I came to the Lake District with a long list of homes to see and a chart showing which places were open when. All except two houses were closed at least one day a week, and a few of the houses (as opposed to the gardens) didn’t open until noon or later. We used this chart to determine the order of our explorations.
Rydal Mount, William Wordsworth’s home from 1813 until his death in 1850, became our first destination. It's not too far from Ambleside for us to hike, which meant we could get there by taking a cruise on Lake Windermere, one of the activities on every tourist’s must-do list. Here’s a view of the lake from the boat.
And here is Mr. M on the boat. There were at least three different kinds of boats that made the circuit from Bowness to Ambleside and back, and we rode (sailed?) on all three of them at one time or another. (After the novelty wore off, we switched to the bus.)
The boats dock in Waterhead, and you walk up the hill to Ambleside. Here’s a picture of Waterhead.
We stopped at an information center (or I suppose I should say centre ) and got a map and directions from the helpful young man there. And if you guessed we weren’t able to follow the map or directions, you’d be right! We ended up walking along the main road which was less than desirable. For one thing, the traffic was on the “wrong” side of the street, so you’d have cars coming up behind you when you didn’t expect it. And while the nice young man in the information centre told me the cars drove rather slowly, I have to conclude his definition of “slowly” and mine are vastly different. (Unless we were on a completely different road than the one he was referring to—with our directional issues, that’s always possible.)
The other problem with walking along the road was that the sidewalk (or pavement as the Brits seem to call it) kept switching sides, so we had to switch sides, too. But we kept looking the wrong direction—that driving on the left thing—when crossing the street, so it took a real team effort and some panicked arm-grabbing to insure one or the other of us wasn’t flattened by a car.
And did I mention it was raining? But you probably already guessed that.
We persevered and successfully made it to Rydal Mount. Here I am in front of the house to prove it.
Parts of the house date from the 16th century with an addition in 1750, so I was very interested in the house itself, though of course it is much smaller than the houses my heroes inhabit . (But I may have to introduce a cottage into one of my books, now that I’ve toured a few.)
The gardens were lovely, but the docent warned us that the paths might be slippery and told us we were welcome to come back the next day, if the weather was better, and they would let us in at no cost. But Mr. M and I had places to be the next day, so we took our chances and trod carefully. Here’s a picture of me with Rydal Water in the background. They call the smaller lakes “water.” According to the Rydal Mount brochure, Lake Windermere is the largest lake in the Lake District, and Rydal Water, the smallest. Both are visible from the house.
As to my “glamorous” appearance, above... No one would ever call me a fashionista, but I would like to say that I normally would not pair a red hat (and red purse, which you—blessedly—can’t see in this shot) with a “berry” raincoat, but I forgot about the red hat—which was the only color available when I needed it (ditto for the purse)—when I bought the raincoat. The contrast will be more painful in the photos where the sun is actually shining.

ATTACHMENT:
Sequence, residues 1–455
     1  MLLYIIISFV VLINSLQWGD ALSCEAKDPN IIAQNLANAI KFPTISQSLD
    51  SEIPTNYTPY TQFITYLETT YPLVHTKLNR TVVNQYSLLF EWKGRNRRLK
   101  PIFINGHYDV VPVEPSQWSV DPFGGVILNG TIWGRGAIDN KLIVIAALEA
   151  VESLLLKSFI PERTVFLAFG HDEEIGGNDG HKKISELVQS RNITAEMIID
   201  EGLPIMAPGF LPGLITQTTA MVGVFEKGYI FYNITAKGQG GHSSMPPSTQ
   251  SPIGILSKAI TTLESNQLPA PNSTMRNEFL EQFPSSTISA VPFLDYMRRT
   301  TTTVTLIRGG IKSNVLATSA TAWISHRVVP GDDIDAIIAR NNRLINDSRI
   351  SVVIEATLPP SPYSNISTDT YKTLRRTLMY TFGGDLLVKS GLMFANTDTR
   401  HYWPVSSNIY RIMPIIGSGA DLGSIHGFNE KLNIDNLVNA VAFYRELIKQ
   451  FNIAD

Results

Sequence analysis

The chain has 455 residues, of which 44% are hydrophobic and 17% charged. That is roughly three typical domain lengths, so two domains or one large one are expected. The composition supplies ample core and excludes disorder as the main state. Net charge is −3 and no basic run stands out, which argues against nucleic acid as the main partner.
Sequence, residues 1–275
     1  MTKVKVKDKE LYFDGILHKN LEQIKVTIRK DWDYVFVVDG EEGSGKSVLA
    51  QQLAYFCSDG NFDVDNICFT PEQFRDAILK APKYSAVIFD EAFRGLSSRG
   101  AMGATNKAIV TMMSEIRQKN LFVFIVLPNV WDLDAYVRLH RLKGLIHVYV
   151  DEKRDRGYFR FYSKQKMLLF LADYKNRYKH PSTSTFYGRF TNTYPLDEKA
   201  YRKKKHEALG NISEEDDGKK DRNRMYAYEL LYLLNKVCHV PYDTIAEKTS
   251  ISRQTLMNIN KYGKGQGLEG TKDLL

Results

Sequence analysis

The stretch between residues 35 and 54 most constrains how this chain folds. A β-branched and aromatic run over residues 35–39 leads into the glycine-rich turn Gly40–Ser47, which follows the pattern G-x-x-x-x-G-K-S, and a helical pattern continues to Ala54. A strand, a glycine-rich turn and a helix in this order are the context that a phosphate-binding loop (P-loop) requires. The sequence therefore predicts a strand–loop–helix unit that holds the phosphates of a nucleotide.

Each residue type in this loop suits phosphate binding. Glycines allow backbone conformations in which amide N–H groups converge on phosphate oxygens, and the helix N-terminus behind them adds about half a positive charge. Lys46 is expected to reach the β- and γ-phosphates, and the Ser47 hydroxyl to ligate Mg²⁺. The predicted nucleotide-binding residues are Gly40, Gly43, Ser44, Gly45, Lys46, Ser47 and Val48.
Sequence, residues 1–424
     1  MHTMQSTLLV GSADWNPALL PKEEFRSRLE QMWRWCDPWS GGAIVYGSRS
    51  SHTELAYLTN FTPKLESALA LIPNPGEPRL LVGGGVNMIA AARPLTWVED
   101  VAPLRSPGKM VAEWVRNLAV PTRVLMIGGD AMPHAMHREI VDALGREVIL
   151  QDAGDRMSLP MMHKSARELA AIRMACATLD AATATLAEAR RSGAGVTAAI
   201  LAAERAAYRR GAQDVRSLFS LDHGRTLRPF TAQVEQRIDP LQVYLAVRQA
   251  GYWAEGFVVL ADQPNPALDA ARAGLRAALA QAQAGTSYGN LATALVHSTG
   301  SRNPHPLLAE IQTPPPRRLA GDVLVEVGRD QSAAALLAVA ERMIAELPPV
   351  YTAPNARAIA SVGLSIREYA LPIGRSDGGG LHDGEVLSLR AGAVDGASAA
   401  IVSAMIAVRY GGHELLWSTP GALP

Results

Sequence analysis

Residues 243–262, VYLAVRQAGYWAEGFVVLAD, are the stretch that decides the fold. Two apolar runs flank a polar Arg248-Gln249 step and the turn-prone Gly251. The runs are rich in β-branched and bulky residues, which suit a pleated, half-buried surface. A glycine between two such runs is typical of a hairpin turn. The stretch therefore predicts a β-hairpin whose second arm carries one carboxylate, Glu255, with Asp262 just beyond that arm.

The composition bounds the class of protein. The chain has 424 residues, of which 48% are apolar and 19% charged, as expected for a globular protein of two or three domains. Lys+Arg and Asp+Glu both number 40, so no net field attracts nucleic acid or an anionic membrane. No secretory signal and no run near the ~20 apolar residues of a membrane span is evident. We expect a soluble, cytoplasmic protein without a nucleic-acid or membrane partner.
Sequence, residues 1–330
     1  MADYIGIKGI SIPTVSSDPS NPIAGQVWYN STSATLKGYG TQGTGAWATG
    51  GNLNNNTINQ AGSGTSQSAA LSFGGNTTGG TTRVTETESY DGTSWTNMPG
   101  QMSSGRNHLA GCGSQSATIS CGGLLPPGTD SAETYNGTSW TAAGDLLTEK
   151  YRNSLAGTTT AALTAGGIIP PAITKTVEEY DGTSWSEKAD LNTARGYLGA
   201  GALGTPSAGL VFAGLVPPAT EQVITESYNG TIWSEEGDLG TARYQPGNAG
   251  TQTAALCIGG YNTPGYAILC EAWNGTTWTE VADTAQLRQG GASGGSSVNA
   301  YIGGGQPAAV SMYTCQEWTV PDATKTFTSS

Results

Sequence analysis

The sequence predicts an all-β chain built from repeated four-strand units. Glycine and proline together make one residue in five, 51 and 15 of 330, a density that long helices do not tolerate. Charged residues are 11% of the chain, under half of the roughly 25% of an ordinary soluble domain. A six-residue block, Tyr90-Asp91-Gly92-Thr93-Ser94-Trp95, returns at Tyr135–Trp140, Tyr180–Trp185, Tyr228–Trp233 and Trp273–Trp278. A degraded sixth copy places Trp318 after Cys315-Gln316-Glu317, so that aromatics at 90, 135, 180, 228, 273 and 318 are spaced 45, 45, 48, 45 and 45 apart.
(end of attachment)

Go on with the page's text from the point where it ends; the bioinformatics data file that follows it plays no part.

After we left Rydal Mount, we went back down the hill and stopped at Rydal Hall, which the man we paid our admissions to at Rydal Mount had told me was a Georgian building.
The building isn’t open to the public, but the gardens and grounds are. The gardens are early 20th century, but I think you could pretend otherwise.
After wandering around Rydal Hall, we headed back…and made an almost fatal error. We’d seen one of those “public footpath” signs on our way, and, sadly, we are apparently slow learners. We wanted to get away from the rushing cars and darting from one side of the road to the other, so we opened the gate and went into the field. In retrospect, I believe Mr. M had suggested we follow some walkers who’d left the road earlier, but I thought if we did, we’d end up on the wrong side of the river (which I figured out later was the River Rothay).
So here we were, facing an unmarked field, no signs of a path in view. Studying the Ordinance Map now, I think perhaps we were supposed to cross the field at a diagonal and then we might have encountered some stepping stones on which to cross the river. Which sounds like a Very Bad Idea anyway. And with all the rain, the stepping stones, if there were any, might have been submerged. So we bumbled along through one field after another, hoping we weren’t doing any damage and, if the field owner came upon us, praying he’d take pity on the poor, demented Americans. We had to ford a small stream, and then we followed the river, looking longingly across it at the path we were supposed to be on. I was afraid we’d come to the end of our trek and find ourselves stuck, blocked by a barbed wire fence or rushing water, and have to retrace our steps.
But, mirabile dictu!, we came upon a gate at last that let us onto a paved path from which we could find our way back to Waterhead.
We even had a rainbow to look at on our sail back to Bowness.